The Department of Internal Affairs also conducted a separate interview with another Capital Police Officer on January 6, which was located just behind Byrd in the speaker’s lobby during the shooting of Babbitt.
“He didn’t see Ms. McEnty [Babbitt] in possession of any possible weapon,” the summary report said.
“He reiterated that he didn’t see she was armed.”
That interviewer also described Bird as “upset” after the shooting.
“Lieutenant Bird was trembling, he didn’t say anything…. Bird was terrified, had tears in his eyes, and looked very upset. His voice [was] Even trembling when called for medical help on the radio. Lieutenant Byrd was still very upset,” the report continued.
that interviewer also said that bearded man According to interview tapes, Babit attended while wearing a suit. Neither he nor the sergeant interviewed was able to prove the identity of the bearded man in the suit, but he said he believed he was with the House Sergeant-at-Arms office.
yet another report good It also said that a sergeant did not see a weapon in Babbitt’s hands before hearing the gunshot. That report said investigators “recovered a ‘Para Force’ folding knife from the pocket of Ms. Babbitt’s pants.”
“The crowd outside the barricaded eastern doors to the east began to retreat, and some raised their hands in the air. Sgt. [redacted] Didn’t see anything in Ms. Babbitt’s hands before hearing the gunshot.”
one more report good He said in an interview with a Capitol police officer on February 4, “He didn’t hear any verbal orders” before Babbitt was shot.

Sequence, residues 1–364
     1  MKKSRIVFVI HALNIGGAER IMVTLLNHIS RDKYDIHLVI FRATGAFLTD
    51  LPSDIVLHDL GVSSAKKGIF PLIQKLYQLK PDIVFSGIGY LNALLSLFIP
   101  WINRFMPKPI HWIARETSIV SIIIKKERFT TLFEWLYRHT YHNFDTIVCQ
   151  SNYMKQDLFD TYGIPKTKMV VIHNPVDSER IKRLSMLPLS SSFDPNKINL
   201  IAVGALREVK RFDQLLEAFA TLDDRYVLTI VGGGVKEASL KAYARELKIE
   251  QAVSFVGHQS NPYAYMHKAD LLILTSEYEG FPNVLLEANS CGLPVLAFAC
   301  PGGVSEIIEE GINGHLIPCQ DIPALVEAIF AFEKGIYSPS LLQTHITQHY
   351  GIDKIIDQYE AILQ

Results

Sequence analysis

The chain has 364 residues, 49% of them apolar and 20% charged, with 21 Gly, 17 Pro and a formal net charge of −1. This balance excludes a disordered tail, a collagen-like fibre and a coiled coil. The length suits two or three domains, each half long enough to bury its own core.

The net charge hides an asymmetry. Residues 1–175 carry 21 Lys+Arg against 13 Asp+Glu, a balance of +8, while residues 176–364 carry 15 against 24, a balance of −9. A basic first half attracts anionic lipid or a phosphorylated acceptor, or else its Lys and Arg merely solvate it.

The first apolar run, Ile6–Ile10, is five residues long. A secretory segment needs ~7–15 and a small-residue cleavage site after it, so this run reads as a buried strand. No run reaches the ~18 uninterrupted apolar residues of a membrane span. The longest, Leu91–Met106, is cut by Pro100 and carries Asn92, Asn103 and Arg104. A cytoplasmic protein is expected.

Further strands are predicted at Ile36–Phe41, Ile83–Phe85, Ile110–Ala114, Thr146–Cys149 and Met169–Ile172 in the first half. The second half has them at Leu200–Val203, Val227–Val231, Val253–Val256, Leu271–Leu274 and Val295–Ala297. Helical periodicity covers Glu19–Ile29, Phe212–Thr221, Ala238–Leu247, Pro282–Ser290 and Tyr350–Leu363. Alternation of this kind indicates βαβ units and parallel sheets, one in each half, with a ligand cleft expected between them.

Separate Jan 6 phone interview With a man who “reached out” to Metro PD, who claimed he was in House Chambers at the time of the shooting, contradicted the officer’s February 4 interview.
He said that he actually heard Bird shouting a “loud verbal command” that he would “shoot down” before firing at Babbit. The interviewer also claimed that Bird fired not once, but twice.
“He was yelling, he was giving orders. Um, he was saying, I’ll shoot. Uh, he was saying some other things. I clearly couldn’t understand what he was saying, but he Definitely, uh, was ordering, no question about it,” the interviewer said according to the tapes.
“He [Byrd], uh, did everything he could…. He was alone, we were guarding the front door and they were shaking him.”
A DC Department of Forensic Science crime scene exam report It also noted that Byrd’s service weapon had been handed over to the department. A crime scene investigation report also said that police noticed traces of blood from the hallway outside the speaker’s lobby door, which led to the first floor of the House.
In August Bird gave his first public interview, describing the events leading up to the shooting, and said that firing his weapon was a “last resort option”.
“I tried to wait as long as I could,” Bird said. “I hoped and prayed that no one tried to enter through those doors. But failure to obey them led to me taking appropriate action to save the lives of members of Congress and myself and my fellow officers. “
US Capitol Police concluded An internal investigation was conducted seven months after the shooting and it was declared “legitimate and within the policy of the department”. The policy states that the officer may use lethal force if he “reasonably believes that the action is in the defense of human life.”
“If the doors were torn down, rioters would have immediate access to the House chambers,” US Capitol Police said on August 23. “The officer’s actions in this case potentially saved members and staff from serious injury and possible death. Large crowds of rioters made their way into the US Capitol and the House Chamber, where members and staff were steps away.”
“I know I saved countless lives that day,” Byrd said in his interview. “I know that members of Congress, as well as my fellow officers and employees, were in danger and in grave danger. And that’s my job.”